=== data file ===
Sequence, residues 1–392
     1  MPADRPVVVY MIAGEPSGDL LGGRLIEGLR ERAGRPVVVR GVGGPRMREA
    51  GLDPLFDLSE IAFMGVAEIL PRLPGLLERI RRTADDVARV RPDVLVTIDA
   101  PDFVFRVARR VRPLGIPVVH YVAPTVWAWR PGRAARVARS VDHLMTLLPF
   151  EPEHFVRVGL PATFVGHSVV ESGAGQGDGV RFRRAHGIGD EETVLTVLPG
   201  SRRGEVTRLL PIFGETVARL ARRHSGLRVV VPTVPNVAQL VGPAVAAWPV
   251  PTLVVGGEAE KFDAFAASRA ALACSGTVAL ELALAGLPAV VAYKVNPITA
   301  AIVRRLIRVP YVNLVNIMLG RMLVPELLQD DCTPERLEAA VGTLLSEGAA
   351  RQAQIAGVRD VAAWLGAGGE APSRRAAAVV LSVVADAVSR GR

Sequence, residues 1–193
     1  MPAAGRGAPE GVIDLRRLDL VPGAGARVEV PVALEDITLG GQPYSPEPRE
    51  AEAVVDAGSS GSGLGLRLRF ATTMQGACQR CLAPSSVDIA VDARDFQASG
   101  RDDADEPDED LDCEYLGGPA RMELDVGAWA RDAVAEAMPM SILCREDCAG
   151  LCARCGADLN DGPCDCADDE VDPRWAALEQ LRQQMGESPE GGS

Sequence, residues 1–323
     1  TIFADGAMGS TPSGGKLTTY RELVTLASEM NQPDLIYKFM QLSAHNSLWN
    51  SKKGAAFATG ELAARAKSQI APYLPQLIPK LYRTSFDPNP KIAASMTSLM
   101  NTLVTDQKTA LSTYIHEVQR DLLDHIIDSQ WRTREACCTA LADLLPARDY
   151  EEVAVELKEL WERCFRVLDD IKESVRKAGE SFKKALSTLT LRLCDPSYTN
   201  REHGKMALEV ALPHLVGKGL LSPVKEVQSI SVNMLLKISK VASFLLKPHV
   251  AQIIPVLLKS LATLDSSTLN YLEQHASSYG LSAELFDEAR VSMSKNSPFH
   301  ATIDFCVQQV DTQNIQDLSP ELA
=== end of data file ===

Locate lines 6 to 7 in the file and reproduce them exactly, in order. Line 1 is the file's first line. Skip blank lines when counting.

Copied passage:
   201  SRRGEVTRLL PIFGETVARL ARRHSGLRVV VPTVPNVAQL VGPAVAAWPV
   251  PTLVVGGEAE KFDAFAASRA ALACSGTVAL ELALAGLPAV VAYKVNPITA